Further objects, features and advantages of the present invention will become apparent from the following detailed description of embodiments of the present invention with reference to the accompanying drawings.

DESCRIPTION OF THE DRAWINGS

FIG. 1 is a schematic perspective view showing the construction of a recording head according to the background art;

FIG. 2 is a schematic block diagram showing the discharge failure recovery system used in an ink jet recording apparatus according to the background art;

FIG. 3 is a vertical sectional view diagrammatically showing the discharge failure recovery system according to the background art;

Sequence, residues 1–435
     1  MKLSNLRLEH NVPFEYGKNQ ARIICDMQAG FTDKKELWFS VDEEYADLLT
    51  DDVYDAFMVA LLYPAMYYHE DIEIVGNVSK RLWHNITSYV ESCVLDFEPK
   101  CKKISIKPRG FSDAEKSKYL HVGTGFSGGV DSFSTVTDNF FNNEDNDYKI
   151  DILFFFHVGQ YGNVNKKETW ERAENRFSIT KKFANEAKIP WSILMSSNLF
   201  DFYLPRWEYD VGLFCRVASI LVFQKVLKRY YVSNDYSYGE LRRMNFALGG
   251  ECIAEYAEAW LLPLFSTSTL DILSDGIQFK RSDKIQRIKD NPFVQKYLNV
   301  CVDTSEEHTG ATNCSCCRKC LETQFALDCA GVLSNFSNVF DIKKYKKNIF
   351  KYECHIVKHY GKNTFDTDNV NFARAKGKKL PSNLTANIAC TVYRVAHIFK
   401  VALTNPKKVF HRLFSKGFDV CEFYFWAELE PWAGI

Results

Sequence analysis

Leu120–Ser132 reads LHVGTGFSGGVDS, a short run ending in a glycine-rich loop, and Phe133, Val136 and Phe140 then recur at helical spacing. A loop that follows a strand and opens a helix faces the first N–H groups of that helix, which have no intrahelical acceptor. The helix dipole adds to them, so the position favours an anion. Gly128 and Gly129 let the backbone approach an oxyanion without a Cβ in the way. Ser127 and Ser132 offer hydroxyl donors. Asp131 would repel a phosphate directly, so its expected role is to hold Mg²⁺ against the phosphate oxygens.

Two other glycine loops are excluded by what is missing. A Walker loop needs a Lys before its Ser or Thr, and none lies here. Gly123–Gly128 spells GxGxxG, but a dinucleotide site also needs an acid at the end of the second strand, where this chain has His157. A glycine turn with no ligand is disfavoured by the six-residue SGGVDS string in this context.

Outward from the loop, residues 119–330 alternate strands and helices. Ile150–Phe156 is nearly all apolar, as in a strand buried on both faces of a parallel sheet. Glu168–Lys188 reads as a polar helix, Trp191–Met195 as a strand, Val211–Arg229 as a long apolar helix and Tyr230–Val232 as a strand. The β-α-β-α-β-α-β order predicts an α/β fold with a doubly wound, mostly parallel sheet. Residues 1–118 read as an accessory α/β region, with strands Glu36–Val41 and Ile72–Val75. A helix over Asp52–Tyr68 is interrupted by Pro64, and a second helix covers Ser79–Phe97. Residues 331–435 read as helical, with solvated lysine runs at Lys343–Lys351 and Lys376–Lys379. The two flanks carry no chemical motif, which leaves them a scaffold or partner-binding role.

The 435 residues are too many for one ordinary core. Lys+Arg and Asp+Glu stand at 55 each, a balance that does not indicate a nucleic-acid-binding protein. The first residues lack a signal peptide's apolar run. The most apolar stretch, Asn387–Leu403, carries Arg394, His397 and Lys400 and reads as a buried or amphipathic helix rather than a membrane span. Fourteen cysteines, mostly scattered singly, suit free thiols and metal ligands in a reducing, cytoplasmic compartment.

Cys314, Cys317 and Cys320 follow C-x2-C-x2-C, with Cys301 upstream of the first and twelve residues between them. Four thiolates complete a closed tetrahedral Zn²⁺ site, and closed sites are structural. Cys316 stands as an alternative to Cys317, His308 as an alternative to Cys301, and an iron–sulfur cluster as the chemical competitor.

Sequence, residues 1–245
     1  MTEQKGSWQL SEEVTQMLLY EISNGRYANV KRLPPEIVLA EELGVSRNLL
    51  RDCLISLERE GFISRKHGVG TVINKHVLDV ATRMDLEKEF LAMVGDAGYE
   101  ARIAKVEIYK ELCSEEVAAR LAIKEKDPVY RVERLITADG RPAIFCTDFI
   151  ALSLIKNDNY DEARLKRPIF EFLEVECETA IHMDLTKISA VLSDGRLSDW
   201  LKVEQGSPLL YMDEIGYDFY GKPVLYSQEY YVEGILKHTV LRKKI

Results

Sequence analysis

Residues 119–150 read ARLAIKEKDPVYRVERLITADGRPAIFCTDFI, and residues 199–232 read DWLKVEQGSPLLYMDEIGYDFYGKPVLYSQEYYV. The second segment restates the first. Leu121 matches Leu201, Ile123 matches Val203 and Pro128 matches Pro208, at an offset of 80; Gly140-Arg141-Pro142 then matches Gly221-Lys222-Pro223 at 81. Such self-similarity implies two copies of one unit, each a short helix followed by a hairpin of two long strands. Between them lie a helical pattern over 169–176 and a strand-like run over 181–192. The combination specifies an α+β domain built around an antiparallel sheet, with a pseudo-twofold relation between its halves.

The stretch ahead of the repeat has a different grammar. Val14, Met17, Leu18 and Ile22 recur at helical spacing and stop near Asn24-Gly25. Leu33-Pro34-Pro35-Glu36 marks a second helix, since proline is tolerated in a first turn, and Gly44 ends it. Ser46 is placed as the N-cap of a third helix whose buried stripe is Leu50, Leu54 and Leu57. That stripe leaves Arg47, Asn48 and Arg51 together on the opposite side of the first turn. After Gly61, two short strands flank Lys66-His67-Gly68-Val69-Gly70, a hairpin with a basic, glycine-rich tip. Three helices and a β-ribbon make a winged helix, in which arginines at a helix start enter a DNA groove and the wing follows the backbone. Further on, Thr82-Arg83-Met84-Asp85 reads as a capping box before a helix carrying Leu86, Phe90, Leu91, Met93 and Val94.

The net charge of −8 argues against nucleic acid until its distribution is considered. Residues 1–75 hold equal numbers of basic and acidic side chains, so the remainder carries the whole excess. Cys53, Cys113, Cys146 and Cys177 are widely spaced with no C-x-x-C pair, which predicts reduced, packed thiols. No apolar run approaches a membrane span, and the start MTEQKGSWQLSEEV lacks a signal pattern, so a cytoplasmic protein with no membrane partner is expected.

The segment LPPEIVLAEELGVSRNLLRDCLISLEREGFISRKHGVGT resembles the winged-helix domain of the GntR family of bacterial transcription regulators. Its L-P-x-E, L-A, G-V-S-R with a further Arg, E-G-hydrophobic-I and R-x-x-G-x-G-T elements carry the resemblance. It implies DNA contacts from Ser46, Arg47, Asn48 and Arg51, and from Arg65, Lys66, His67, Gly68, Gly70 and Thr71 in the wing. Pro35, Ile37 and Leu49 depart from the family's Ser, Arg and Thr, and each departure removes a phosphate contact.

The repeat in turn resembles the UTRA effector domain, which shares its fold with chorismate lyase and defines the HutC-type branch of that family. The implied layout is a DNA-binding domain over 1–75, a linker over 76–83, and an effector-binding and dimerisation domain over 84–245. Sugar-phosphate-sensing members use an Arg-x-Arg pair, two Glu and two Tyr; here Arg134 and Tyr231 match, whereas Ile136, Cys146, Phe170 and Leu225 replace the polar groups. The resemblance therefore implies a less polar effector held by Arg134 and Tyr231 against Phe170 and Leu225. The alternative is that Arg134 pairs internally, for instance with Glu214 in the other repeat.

FIG. 4 is a horizontal sectional view diagrammatically showing the discharge failure recovery system of FIG. 3;

FIG. 5 is an equivalent fluidic circuit showing the discharge failure recovery system according to the background art;

FIG. 6 is a schematic block diagram showing the construction of the essential portion of an ink jet recording apparatus according to one embodiment of the present invention;

FIG. 7 is a schematic vertical sectional view showing a cap unit maintained in contact with a recording head in the apparatus of FIG. 6;

FIG. 8 is a schematic perspective view showing the construction of the ink jet recording apparatus according to the embodiment shown in FIG. 6;

FIG. 9 is a diagrammatic perspective view showing the construction of the cap unit of FIG. 8;

FIG. 10 is a schematic vertical sectional view showing the cap portion of FIG. 9 maintained in contact with the recording head;